Maslenniza – welcoming spring and saying goodbye to the winter.
February 12th through February 18th is a celebration of maslenniza. Celebration dates change every year, thus 12th to 18th of February is for 2018. Celebration is a week-long and it starts 56 days prior to Orthodox Easter (48 days of Easter lent and 7 days of maslenniza celebration).
Nowadays not many people, even locals, understand origins, history and meaning of maslenniza. Originally a pagan holiday, maslenniza is one of a few ancient cultural artifacts survived Christian and soviet eras of Russian history. Maslenniza is actually well blended into the Orthodox Church calendar and accepted as a traditional holiday (but not religious therefore not celebrated officially by church).
Maslenniza is a celebration of welcoming spring and saying goodbye to winter. Main symbol of maslenniza, for which it known the most, is a pancake (blin). Blin represents the sun, because of its roundish shape and yellowish color. In pagan times, before Christianity people worshiped Yarilo, the god of sun. Pancakes, blini were the symbol of Yarilo. It is very much simplified meaning of maslenniza and its symbol, but enough for understanding the concept.
Maslenniza is a week-long holiday, starting on Monday and running until Sunday. Each of seven maslenniza days has its own name, significance and specific traditional celebration activities of the day. Nowadays no one really observes each day of maslenniza in a traditional way. Probably the most known day of maslenniza week is Sunday, or so called “forgiven Sunday”. On “forgiven Sunday” people ask their friends, relatives and acquaintances for forgiveness for whatever wrong they might have done. On Sunday, as a part of celebration, there is ritual of burning straw dummy, which is a culmination and the end of maslenniza.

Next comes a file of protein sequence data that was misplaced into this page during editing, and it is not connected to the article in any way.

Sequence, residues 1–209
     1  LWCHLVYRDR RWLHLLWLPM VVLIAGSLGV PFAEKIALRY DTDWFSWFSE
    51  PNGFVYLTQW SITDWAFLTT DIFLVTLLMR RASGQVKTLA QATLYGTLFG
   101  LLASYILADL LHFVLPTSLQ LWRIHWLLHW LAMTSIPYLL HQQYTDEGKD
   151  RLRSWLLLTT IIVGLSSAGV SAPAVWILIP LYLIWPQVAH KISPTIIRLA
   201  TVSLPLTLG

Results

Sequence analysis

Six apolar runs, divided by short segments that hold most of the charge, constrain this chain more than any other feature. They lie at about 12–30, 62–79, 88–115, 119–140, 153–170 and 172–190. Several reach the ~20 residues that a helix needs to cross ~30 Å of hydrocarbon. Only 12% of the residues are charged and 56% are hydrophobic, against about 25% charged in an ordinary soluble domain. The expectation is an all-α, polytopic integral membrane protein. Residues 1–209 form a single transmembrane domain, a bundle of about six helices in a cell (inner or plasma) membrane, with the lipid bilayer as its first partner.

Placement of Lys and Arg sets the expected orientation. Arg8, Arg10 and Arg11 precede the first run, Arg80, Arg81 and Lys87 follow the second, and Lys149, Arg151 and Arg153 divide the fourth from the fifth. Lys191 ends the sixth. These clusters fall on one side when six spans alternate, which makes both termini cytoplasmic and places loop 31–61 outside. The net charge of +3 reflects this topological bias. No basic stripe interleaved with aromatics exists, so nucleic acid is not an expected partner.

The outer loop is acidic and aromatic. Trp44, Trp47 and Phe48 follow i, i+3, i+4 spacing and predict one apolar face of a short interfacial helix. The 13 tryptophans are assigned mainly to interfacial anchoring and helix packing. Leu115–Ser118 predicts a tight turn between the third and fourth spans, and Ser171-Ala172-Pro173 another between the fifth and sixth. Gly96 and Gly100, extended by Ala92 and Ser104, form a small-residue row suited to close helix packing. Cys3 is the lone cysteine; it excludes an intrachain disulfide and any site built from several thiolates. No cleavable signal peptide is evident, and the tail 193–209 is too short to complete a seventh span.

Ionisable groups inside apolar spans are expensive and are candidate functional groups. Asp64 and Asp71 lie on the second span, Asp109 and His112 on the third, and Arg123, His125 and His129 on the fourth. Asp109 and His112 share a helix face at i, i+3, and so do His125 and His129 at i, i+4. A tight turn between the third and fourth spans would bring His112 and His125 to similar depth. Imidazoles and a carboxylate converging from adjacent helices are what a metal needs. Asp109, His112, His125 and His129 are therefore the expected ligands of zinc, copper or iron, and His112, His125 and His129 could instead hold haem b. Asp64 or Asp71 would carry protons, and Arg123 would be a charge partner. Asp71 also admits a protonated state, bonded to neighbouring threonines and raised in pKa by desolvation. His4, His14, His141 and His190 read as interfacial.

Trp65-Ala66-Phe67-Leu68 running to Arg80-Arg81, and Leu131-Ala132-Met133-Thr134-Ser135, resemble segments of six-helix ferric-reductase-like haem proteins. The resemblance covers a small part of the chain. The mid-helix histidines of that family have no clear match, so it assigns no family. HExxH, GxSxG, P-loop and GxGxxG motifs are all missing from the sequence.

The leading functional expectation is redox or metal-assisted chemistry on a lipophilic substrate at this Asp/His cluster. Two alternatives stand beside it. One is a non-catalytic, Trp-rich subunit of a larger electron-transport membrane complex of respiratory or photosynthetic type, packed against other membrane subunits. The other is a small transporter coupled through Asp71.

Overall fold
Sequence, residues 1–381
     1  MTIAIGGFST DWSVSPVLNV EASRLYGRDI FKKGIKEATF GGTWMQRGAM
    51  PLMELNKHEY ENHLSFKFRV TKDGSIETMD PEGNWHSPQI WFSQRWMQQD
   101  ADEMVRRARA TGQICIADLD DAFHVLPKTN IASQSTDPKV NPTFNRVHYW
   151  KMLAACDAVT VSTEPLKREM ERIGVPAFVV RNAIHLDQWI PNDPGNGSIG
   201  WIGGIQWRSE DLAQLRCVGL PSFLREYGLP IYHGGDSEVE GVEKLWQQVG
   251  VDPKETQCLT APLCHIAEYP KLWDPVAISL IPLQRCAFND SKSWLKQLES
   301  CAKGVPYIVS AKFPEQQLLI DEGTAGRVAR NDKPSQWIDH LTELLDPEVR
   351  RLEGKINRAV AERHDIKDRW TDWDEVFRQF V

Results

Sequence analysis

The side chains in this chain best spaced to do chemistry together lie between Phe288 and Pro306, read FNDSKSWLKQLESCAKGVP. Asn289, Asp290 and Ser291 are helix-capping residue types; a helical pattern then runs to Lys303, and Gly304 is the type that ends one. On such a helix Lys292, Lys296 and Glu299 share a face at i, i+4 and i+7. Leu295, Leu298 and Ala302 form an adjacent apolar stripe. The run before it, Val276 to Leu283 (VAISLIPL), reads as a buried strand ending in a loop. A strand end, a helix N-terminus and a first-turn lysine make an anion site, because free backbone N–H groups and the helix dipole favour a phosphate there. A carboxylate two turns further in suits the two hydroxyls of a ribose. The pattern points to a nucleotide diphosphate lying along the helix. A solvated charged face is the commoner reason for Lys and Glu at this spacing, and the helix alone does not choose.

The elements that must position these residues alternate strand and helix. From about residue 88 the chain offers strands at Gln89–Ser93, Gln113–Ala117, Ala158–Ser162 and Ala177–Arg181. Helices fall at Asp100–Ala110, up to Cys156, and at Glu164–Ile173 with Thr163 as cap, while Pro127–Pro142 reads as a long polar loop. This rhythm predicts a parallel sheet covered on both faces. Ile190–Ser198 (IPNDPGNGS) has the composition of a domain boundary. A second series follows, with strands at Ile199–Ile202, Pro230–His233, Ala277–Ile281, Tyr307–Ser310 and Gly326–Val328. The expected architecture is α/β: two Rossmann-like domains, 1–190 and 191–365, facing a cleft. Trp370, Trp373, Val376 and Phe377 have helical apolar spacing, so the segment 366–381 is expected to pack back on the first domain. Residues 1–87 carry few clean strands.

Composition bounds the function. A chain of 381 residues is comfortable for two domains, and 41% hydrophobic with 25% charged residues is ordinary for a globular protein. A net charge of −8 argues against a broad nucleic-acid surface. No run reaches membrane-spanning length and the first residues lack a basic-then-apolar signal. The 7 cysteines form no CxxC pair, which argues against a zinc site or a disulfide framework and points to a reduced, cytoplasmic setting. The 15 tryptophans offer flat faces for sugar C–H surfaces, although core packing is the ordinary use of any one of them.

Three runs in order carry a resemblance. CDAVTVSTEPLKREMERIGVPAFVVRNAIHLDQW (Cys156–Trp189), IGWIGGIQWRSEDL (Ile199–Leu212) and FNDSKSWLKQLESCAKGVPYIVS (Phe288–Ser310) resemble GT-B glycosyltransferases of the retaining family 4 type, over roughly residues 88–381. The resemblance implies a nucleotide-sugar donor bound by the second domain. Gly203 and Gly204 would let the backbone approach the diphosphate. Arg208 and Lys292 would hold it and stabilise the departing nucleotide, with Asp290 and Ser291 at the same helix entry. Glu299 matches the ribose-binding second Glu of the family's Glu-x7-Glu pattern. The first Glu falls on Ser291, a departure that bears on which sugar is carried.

For people following Orthodox calendar and obeying all church traditions and requirements maslenniza if a last week to eat non-lenten food. Monday after maslenniza is over great lent starts that continues until Easter.
In Moscow as well as in other cities there will be lots of public holiday events (especially on weekend of maslenniza week). Most businesses and public organizations organize celebration of maslenniza in their own way. Restaurants and cafes put pancakes on the menu if normally they don’t serve them. There will be special events in Moscow parks, downtown pedestrian areas, squares. For expats and their families maslenniza celebration is a good chance to go out and have fun, learn a bit of Russian culture.
If you wanna stay inside, baking pancakes at home can be a fun family activity, especially if you have kids. Traditional Russian pancakes must be very thin, larger in size, with little holes, which look like a needlelace. There are many different recipes of pancakes and each household has its own recipe. Look up on the internet or ask Russians about a recipe they use.
Kitty wants a pancake too.